Listen, I like words. Typing words in a computer that then show up on other computers is how I make my living. But I’ll be first to admit that words are not a zero-sum game. I’m glad TV shows and movies exist. I’m also glad we’re so into emojis now. It saves me a lot of time. Plus, the thing about emojis and GIFs is that they convey emotions in a way that words just can’t. A reaction GIF or a ridiculous GIF will almost always get a laugh, while my batting average with my own words is a lot less.
I don’t need to sell you on using GIFs on the Internet as that’s already been taken care of. What I can help you with, though, is to tell you about awesome Mac apps that make this whole process as easy as copy-paste. Stick around to the end of the article for a special Chrome extension bonus.
1. PopKey for Desktop
PopKey is probably one of the best GIF-based custom keyboards for iOS. It lets you quickly search for a GIF and paste in a link in a chat window or anywhere else.
PopKey for Mac basically does the same thing. Once you’ve downloaded it from the website (not available in the Mac App Store right now), it will open as a little menu bar utility. In fact, the drop-down from menu bar icon is basically the whole app.
When you open it you’ll see the trending GIFs. This is a good place to get a sense of what’s going on in the world. I mean, if people are not talking about it via GIFs, did it even happen? Currently, I’m seeing Jared Leto’s spectacular Joker on spot 2 and the hilarious prankster throwing fake money during a FIFA conference gag on spot 4. What a wonderful time to be alive.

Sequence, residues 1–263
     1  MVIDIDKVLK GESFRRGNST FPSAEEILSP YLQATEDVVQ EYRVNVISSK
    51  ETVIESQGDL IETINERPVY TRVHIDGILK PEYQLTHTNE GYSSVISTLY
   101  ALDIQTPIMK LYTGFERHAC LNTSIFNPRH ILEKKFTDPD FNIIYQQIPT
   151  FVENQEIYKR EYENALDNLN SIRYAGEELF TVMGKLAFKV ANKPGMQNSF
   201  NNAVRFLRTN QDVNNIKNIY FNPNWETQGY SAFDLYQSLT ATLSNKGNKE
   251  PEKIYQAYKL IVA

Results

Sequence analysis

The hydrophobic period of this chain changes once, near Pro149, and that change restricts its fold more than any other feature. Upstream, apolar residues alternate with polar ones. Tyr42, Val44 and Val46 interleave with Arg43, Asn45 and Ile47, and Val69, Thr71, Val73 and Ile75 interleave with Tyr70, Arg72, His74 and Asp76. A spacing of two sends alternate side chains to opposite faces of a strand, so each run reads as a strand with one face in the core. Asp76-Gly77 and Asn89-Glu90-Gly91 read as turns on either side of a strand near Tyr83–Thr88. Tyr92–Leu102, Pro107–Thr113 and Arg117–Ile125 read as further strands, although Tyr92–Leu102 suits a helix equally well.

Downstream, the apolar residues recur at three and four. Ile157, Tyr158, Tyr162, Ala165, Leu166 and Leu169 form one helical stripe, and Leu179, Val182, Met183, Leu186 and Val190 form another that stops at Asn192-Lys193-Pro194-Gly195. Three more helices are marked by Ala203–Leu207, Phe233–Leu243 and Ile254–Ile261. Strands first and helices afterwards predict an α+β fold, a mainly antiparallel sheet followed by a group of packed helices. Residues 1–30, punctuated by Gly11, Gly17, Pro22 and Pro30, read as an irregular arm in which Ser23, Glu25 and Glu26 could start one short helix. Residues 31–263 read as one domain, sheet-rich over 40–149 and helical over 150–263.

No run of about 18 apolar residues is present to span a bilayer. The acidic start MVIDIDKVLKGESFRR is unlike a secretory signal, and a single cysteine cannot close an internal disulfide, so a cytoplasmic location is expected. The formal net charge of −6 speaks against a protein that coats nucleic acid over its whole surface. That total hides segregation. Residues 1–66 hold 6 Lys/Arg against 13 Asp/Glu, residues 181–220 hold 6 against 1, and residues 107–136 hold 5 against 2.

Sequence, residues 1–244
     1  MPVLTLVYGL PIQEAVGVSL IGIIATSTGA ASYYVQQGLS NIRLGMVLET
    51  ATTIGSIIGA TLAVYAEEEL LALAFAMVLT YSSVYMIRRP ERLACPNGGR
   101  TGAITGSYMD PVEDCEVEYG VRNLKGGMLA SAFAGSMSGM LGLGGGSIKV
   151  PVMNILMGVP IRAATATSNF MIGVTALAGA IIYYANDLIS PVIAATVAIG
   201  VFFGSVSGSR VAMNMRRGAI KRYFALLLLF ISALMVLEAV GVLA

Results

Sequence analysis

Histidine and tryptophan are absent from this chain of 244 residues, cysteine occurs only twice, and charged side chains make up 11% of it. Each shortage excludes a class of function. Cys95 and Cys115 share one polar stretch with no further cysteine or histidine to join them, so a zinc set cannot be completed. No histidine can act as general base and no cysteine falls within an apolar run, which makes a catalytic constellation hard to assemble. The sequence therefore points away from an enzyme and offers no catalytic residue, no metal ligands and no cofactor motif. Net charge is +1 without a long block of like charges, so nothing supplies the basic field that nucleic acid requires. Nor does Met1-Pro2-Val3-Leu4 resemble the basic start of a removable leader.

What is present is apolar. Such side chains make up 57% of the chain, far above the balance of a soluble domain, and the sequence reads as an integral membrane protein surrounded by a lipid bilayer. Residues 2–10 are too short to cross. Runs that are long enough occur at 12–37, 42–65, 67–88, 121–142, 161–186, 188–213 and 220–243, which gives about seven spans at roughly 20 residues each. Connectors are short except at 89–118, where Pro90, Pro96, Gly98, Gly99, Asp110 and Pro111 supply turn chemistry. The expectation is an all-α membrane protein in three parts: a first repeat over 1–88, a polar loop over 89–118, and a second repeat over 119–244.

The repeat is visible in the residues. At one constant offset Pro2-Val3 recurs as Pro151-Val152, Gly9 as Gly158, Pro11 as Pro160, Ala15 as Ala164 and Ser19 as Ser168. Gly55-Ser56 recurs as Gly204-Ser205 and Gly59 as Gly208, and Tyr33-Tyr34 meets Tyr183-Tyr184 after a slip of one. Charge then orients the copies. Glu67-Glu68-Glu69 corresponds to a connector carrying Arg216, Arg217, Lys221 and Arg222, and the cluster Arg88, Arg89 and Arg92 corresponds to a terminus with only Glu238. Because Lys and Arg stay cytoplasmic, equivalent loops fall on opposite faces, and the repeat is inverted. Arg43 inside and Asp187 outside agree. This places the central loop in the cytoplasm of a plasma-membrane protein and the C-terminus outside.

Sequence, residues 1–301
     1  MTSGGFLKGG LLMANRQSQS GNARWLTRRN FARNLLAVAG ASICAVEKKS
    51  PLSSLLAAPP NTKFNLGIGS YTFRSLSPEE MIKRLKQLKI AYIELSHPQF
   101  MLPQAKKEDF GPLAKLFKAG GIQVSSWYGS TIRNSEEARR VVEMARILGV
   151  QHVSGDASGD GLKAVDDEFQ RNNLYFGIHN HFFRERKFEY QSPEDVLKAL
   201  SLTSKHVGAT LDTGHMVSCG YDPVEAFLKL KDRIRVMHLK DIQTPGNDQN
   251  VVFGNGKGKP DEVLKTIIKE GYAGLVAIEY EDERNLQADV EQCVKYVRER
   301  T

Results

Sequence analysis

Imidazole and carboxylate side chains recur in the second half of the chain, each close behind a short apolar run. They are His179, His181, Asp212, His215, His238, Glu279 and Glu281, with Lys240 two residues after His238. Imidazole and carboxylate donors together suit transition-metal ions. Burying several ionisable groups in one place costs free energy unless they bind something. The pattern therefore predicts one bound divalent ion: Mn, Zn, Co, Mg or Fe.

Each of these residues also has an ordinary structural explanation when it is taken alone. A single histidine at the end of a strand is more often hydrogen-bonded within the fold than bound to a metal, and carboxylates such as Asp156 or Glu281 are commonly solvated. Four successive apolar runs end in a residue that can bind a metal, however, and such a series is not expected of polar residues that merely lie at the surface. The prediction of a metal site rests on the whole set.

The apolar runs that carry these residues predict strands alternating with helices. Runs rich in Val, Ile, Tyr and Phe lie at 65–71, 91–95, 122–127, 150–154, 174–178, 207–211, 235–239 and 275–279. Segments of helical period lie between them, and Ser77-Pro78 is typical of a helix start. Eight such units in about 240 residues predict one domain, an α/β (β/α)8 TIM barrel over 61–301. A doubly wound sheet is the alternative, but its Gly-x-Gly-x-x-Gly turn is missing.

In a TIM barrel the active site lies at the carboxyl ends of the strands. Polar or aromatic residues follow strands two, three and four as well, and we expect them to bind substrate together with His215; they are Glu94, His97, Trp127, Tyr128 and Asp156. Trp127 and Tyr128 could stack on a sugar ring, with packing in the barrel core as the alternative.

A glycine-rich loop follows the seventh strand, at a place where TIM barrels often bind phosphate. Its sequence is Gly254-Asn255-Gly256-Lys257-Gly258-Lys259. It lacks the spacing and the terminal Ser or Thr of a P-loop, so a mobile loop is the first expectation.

Anyway, when you find a GIF you like, just mouse over to it and click. This will copy the link to the GIF. Now, you’re free to share it anywhere. Places like Slack will automatically show a preview when you paste the link while Facebook Messenger and Twitter won’t.
Still, you’ve successfully reacted to an absurd notion via not only a relevant but also a hilarious GIF. You, Sir, are winning at life.
2. GIFs for Mac
The app curates GIFs from popular subreddits like r/reactionGIFs, r/GIFs along with Tumblr blogs. That’s great because I cannot for the life of me think of any other two places more obsessed with GIFs than these two websites.
Unlike PopKey, GIFs is clearly geared for the “pro” GIF user, if such a thing even exists. The first pane shows the subreddits and Tumblr blogs along with the GIFs you’ve shared. The second pane shows a preview of the GIF you’ve selected, and the last pane is just a grid of the most popular GIFs in the particular section.
Of course there’s a search feature powered by none other than GIPHY.
The reason I call GIFs a “pro” app is because of the options in the right-click menu. First of all, it gives me an option to quickly copy the GIF’s title and link in Markdown!. It doesn’t get much more pro than that. Plus, there are options to quickly save the GIF (The “Cmd+S” shortcut works here as well) and copy the link to the clipboard (a simple “Cmd+C” shortcut). Plus, there’s an option to quickly open the GIF in the browser along with the source for the link (the Reddit thread or the Tumblr blog page).
Bonus: GIPHY for Chrome
PopKey is available for Windows as well, but the GIFs app is not. If you’re a Windows user and somehow made it this far (props to you), here’s a bonus item for you. Check out GIPHY Chrome extension that does almost the same thing as these Mac apps. You can see popular GIFs as well as search and quickly copy the link to a GIF.
Now that you have the tools, what do you plan on doing with them? Share some ideas or just some GIFs with us in the comments below.